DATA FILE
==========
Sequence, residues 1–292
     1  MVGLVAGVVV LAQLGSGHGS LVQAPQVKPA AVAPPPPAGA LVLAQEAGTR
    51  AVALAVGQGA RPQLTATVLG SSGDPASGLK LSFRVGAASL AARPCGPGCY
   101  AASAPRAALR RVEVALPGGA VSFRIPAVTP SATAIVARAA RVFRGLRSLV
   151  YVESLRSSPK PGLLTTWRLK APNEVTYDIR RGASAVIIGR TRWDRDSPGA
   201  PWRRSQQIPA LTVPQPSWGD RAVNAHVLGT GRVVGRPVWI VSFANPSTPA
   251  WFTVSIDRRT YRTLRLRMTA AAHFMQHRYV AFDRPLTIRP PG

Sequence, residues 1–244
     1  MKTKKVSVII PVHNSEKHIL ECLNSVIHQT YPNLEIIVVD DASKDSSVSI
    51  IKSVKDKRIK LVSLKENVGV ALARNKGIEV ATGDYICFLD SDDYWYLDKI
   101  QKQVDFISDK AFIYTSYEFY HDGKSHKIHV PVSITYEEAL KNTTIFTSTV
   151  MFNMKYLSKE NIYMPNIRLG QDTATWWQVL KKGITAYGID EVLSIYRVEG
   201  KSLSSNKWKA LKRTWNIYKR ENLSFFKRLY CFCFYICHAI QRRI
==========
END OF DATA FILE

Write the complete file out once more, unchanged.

Sequence, residues 1–292
     1  MVGLVAGVVV LAQLGSGHGS LVQAPQVKPA AVAPPPPAGA LVLAQEAGTR
    51  AVALAVGQGA RPQLTATVLG SSGDPASGLK LSFRVGAASL AARPCGPGCY
   101  AASAPRAALR RVEVALPGGA VSFRIPAVTP SATAIVARAA RVFRGLRSLV
   151  YVESLRSSPK PGLLTTWRLK APNEVTYDIR RGASAVIIGR TRWDRDSPGA
   201  PWRRSQQIPA LTVPQPSWGD RAVNAHVLGT GRVVGRPVWI VSFANPSTPA
   251  WFTVSIDRRT YRTLRLRMTA AAHFMQHRYV AFDRPLTIRP PG

Sequence, residues 1–244
     1  MKTKKVSVII PVHNSEKHIL ECLNSVIHQT YPNLEIIVVD DASKDSSVSI
    51  IKSVKDKRIK LVSLKENVGV ALARNKGIEV ATGDYICFLD SDDYWYLDKI
   101  QKQVDFISDK AFIYTSYEFY HDGKSHKIHV PVSITYEEAL KNTTIFTSTV
   151  MFNMKYLSKE NIYMPNIRLG QDTATWWQVL KKGITAYGID EVLSIYRVEG
   201  KSLSSNKWKA LKRTWNIYKR ENLSFFKRLY CFCFYICHAI QRRI